George receives a massage from a man
Tags: emotion/desire, foucault, lgbtq, sex/sexuality, 00 to 05 mins
Summary: This clip is from the Seinfeld episode entitled "The Note," which is the first episode of the show's third season (note: the audio is low; turn up the volume when screening this clip). After receiving a massage from a man, George shows up at Jerry's apartment, clearly distraught. George reveals to Jerry that he thinks he might have had an erection during the massage and he fearfully exclaims: "That's the sign! The test…if a man makes it move." Jerry reassures George saying, "That's not the test. Contact is the test. If it moves as a result of contact." This clip can be used to teach several concepts. First, the clip can be use to illustrate how sexuality is not a fixed concept; it is fluid and not easily defined. For example, is sexuality defined by sexual desire? Sexual behavior? Sexual identity? In this case, George focuses on sexual desire. Despite not identifying as gay or engaging in sexual behavior with men, George wonders if his erection is a sign of same-sex desire, a desire presumably unbeknownst to him. Jerry shifts the focus by narrowing in on behavior, stating that the sign of gay entails physical contact that results in sexual arousal. This discussion points to the complexity of sexuality. Viewers can be encouraged to consider various scenarios in order to highlight this complexity. For example, if George dates women, has sex with women, self-identifies as straight, yet is aroused by a man, is he gay? What if he identifies as gay but has sex with women? Viewers can further be encouraged to question our cultural obsession with defining sexuality in the first place. In his book The History of Sexuality, Michel Foucault calls this a discourse of knowledge and, similarly, power. The clip also illustrates how heterosexuality gets renormalized in our culture through social interactions—that is, there is no need for George and Jerry to debate the definition of being straight. Presumably, that's just known and normal. Finally, the clip also supports elements of Michael Kimmel's concept of masculinity as homophobia, or the notion that men are terrified to be gay or, even more, be perceived as gay.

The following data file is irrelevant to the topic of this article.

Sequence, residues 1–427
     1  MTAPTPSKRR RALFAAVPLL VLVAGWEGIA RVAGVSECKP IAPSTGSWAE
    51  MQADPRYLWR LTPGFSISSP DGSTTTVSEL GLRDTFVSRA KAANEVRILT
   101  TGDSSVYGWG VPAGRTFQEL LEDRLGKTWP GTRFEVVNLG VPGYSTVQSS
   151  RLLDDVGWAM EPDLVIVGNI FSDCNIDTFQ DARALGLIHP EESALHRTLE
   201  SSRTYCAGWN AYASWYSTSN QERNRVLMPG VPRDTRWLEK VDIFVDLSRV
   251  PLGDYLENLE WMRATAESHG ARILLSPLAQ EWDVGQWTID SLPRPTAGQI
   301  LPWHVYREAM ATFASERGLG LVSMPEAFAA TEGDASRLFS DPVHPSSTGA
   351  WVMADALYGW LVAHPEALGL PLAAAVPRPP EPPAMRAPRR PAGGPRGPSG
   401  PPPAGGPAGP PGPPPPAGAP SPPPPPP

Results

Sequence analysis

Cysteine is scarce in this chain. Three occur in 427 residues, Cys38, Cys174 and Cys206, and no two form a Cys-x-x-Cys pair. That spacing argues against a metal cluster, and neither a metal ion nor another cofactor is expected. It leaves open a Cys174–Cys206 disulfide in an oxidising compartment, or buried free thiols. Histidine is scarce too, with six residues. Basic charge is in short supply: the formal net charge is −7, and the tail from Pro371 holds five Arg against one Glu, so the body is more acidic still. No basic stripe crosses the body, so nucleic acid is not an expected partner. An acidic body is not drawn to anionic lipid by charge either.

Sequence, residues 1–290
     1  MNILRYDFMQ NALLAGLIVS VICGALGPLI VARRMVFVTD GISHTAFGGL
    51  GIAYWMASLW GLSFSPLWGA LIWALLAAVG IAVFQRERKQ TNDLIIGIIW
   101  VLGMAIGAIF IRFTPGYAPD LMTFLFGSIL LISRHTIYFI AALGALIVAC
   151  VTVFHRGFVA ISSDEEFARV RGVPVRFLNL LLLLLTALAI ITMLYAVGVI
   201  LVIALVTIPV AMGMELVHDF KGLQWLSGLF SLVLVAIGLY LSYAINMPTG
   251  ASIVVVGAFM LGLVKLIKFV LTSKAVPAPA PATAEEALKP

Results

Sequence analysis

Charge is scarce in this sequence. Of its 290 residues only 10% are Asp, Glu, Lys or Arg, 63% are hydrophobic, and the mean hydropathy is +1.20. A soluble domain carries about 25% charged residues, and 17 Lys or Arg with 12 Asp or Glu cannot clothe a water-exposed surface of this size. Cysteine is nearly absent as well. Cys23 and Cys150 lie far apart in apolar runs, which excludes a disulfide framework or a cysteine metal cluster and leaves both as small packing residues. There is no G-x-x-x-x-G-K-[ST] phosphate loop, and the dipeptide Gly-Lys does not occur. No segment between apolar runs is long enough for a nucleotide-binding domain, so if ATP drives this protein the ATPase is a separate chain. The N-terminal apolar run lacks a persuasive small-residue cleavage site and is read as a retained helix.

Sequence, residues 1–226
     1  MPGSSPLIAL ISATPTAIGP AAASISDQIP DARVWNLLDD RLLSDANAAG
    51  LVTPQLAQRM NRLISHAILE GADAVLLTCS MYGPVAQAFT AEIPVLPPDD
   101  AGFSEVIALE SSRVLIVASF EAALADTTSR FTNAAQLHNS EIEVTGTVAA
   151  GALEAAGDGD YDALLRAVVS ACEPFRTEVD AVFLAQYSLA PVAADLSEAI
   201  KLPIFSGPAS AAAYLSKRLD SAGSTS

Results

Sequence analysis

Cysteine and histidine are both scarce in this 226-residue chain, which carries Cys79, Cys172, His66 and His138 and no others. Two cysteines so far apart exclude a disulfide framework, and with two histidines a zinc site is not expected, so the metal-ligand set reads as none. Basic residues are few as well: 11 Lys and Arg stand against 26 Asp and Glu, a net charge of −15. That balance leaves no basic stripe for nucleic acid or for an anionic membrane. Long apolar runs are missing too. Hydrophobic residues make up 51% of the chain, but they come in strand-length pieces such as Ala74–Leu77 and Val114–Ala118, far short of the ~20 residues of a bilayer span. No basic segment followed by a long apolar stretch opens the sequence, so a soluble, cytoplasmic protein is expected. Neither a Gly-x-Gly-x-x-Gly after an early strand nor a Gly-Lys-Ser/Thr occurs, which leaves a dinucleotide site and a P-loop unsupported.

Submitted By: Valerie Chepp
Got any videos?
Are you finding useful videos for your classes? Do you have good videos you use in your own classes? Please consider submitting your videos here and helping us build our database!